Harriet Harman wheeled out the latest government addition to the statute book under the guise of an enhancement to equal opportunities laws, but in the eyes of many pundits this is another government miscalculation. Instead of nods of approval for Labour's noble efforts to bring equality to the workplace, there was derision at what is seen by many as another blow for the silent majority. The Daily Express headlined with 'White Men Face Jobs Ban', while a Chartered Institute of Personnel and Development advisor remarked that she thought the bill 'incoherent' and risked introducing a 'box-ticking approach to produce minimum standards in diversity'.
The view that the government is once again going against broad public opinion is evident in the popular press, with commentators regarding it as at best the latest example of political correctness and at worst an unworkable and unnecessary burden on employers.
Why is this bill needed? The government trots out figures suggesting that, 40-odd years after equal pay legislation was brought in, women's pay is still only 87% of men's. But it does not seek to question why that should be. Perhaps because of lower experience due to career breaks, because within a family unit there is often agreement that the roles of 'breadwinner' and 'homemaker' are still largely, and consensually, taken up respectively by men and women. Perhaps because in some roles and environments an aggressive male functions better - in the same way that in others an empathetic female works best. Of course the roles are easily reversed, and often are, but the reasons why men and women find themselves in particular roles and at particular levels of pay are normally far less sinister than the government would have us believe. In 25 years of working in and around a variety of industries I have never encountered sexism in employment selection, either overt or disguised. The fact that there are now more female managers and directors than at any time in commercial and industrial history must be testament to the progress already made, and must raise the question as to whether pushing for more is actually worthwhile. Are the barriers and glass ceilings real or imagined?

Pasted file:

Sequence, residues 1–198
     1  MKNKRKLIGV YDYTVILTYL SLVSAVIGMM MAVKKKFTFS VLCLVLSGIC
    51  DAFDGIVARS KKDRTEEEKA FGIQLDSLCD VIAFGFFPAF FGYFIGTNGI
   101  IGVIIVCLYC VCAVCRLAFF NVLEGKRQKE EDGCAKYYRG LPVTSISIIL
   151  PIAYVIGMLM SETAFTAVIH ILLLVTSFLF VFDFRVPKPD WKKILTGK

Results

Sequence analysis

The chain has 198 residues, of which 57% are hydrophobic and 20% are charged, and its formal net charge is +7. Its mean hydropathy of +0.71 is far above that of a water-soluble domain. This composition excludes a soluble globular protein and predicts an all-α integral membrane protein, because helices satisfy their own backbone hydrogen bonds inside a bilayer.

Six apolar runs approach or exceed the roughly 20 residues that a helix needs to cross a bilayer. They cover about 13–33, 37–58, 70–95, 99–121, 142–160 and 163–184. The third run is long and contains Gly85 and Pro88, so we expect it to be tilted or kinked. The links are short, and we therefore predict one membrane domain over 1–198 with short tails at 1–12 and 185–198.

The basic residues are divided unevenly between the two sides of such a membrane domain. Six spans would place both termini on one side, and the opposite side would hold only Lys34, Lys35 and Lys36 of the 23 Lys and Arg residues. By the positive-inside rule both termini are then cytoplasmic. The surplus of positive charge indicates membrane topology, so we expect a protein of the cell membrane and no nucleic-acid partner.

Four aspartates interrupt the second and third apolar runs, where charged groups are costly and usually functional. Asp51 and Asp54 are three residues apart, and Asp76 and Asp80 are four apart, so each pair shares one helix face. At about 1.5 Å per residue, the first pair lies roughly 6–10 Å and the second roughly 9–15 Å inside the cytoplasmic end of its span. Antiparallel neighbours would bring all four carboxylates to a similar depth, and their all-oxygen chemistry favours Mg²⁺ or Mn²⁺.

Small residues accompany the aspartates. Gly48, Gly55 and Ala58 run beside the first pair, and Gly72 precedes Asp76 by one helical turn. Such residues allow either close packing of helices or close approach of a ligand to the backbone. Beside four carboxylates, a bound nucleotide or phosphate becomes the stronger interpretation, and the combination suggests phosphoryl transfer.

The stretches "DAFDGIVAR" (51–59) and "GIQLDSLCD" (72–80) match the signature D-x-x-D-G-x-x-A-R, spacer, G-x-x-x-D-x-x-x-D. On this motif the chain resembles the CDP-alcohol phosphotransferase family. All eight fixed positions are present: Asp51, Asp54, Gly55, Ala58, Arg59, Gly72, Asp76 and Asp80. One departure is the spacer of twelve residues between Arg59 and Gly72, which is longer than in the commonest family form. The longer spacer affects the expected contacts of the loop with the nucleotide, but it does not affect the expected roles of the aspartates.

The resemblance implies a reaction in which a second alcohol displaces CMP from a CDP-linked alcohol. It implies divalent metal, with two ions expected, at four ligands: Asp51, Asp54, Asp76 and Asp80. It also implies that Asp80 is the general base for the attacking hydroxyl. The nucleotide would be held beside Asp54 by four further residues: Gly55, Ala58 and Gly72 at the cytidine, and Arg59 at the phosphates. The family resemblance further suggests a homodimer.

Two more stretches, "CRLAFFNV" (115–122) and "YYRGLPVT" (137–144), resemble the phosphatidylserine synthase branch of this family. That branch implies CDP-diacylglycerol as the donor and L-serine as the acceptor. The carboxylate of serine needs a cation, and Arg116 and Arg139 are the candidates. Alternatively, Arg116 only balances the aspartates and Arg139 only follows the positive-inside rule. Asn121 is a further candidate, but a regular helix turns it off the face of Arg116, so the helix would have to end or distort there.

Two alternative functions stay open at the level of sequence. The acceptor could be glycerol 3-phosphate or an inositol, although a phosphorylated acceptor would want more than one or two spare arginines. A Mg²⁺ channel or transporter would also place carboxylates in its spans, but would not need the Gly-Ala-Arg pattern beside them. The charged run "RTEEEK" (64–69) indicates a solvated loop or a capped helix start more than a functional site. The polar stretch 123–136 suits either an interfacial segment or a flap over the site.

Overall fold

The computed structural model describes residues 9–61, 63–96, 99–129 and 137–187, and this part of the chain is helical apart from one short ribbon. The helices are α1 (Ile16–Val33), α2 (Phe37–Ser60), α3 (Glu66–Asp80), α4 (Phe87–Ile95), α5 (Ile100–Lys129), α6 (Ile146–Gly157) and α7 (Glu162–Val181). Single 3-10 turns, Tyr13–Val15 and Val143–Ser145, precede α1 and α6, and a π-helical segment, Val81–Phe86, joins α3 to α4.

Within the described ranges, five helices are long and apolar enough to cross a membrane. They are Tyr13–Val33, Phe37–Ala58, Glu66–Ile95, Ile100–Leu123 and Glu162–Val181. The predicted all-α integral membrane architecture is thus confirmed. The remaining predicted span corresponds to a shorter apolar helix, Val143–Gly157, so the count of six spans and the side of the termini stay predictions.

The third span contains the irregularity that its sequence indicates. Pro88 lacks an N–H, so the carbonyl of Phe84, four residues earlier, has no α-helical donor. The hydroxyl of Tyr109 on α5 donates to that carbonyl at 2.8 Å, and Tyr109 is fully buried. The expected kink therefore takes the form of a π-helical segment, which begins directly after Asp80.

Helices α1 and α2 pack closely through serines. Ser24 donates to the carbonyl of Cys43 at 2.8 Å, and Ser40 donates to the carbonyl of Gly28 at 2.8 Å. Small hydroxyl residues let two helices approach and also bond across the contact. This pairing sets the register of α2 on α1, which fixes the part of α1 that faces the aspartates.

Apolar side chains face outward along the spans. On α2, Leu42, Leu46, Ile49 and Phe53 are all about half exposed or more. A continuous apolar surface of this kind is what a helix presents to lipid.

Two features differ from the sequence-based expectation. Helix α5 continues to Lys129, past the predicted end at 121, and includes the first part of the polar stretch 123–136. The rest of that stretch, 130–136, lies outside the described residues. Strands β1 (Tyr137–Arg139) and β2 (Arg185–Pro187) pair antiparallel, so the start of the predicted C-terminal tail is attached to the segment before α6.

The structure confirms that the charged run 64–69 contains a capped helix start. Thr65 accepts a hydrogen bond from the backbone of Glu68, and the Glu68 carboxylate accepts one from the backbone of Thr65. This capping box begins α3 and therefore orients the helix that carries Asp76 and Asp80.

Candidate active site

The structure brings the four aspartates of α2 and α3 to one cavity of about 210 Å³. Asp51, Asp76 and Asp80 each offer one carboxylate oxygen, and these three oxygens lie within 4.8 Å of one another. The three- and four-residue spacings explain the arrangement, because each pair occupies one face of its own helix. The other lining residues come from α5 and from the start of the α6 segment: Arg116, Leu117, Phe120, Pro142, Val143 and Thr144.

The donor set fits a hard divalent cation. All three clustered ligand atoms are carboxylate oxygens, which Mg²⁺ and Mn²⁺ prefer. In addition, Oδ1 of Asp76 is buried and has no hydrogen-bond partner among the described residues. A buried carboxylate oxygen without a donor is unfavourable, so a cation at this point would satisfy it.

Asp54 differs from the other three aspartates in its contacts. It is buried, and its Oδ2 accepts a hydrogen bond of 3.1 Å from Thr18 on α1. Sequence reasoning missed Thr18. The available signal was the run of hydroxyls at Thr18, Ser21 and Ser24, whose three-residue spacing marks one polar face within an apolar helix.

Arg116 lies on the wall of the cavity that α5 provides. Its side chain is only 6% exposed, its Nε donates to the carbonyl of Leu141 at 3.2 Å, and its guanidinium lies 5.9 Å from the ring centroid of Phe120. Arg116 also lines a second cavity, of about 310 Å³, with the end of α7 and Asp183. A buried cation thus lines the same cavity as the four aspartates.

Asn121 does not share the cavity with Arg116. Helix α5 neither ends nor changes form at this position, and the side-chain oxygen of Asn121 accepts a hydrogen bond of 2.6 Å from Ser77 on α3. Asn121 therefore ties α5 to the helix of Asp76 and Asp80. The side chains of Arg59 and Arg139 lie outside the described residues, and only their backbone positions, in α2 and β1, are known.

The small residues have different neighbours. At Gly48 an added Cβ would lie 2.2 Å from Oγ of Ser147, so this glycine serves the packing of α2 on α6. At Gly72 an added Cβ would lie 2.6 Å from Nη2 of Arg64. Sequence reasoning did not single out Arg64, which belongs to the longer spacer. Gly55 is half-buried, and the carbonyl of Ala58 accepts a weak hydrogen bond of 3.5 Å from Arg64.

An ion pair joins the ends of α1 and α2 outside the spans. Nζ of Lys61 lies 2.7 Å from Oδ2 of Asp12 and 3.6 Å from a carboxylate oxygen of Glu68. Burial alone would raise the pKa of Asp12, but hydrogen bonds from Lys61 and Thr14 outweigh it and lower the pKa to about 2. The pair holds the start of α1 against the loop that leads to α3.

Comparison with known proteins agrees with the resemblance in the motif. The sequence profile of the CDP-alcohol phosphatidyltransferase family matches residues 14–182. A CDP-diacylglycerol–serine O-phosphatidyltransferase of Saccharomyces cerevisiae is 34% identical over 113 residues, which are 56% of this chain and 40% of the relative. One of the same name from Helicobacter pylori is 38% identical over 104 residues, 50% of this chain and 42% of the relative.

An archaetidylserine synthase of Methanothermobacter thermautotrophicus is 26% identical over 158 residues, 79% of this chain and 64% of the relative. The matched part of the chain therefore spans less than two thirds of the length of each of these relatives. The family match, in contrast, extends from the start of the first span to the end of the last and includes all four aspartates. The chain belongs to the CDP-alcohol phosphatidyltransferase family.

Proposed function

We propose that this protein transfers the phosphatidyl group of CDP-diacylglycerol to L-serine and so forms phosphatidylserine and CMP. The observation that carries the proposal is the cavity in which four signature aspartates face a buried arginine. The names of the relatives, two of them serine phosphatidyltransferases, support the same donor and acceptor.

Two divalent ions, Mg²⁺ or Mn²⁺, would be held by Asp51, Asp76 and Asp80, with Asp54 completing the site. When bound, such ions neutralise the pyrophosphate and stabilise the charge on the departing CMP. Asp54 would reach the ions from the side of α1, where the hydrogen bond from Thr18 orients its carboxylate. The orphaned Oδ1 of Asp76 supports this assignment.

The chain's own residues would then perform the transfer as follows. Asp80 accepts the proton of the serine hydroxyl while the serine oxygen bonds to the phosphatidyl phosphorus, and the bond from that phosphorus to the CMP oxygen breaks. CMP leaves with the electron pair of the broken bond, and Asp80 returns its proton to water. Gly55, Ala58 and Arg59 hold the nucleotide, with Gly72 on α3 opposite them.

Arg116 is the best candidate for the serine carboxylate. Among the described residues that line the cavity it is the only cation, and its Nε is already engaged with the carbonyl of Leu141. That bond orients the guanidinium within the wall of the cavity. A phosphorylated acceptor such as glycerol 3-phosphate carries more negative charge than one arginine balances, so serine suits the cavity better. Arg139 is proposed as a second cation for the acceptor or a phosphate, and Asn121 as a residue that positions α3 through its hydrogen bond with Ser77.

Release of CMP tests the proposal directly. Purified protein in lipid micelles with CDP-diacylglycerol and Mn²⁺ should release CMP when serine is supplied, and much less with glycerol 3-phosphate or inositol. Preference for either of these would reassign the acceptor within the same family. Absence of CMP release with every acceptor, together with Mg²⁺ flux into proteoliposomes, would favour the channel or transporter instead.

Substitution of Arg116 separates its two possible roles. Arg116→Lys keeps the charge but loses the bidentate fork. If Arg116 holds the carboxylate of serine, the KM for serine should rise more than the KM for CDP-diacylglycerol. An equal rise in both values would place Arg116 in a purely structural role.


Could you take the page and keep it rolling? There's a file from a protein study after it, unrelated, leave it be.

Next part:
Yet the government insists on barging into the labour market with the aim of righting perceived wrongs, while creating more wrongs in the process.
The principle of positive discrimination is a questionable one to start with. It goes against the market's basic right to match skills with remuneration. It also unfairly denies opportunities to individuals who have done everything to deserve consideration for a post, only to lose out because of the demographics of the employer's current workforce.
Imagine a situation where two candidates for a job are equally matched, one male one female. If the employer already has more men than women he/she will be required to show positive discrimination in favour of the female candidate. How can that be equitable? Both candidates had equal abilities and the employer should be forced only to more carefully judge their skill differences, not give way over gender.
A more likely scenario is one in which an employer favours one candidate over another, perhaps on the basis of 'soft' attributes like personality, friendliness, charm, ability to mix with existing staff, enthusiasm or even a 'gut feel' that they are the right fit. However, because of the need to apply a bias to meet equality targets that candidate might still lose out in favour of a lesser applicant who was of the 'right' sex, letting the employer off the hook. Hardly a fair way to employ people.
The aspect of pay has similar difficulties. On paper a man and woman may have similar academic qualities and a similar career history, but that does not make them equally able to do the same job. The ultimate test of what is reasonable pay is what someone is willing to pay you to do the job. If your employer doesn't pay enough, and you think you are good enough, go get another job!
Here we stand at the onset of the most difficult economic period that we have had to face for two decades. When inflation is flaring, unemployment - once in perpetual decline - is now resurgent, with overseas competition already having robbed us of our industry, still champing at the bit to take the rest. What does the government do? It stokes the fires of the unions and militants, arms them with weapons with which to hammer their employing companies, adding to the wage spiral and pushing ever farther away the last vestiges of our competitiveness. They are fiddling with legislation while Britain burns.
Idealism is fine when you are a student, but these politicians should know better now. In the real world people get paid according to their worth to an employer. Forcing an employer to pay over the odds, or to take on the wrong person to meet a political ideal of the perfect workforce demography, is plainly ludicrous.
Harman believes that being seen as 'fair' will place us in a good light in the global market place. She couldn't be more wrong. With much more of this kind of inane legislation we might as well hang up a sign at the border saying 'Great Britain: For sale by the liquidators'.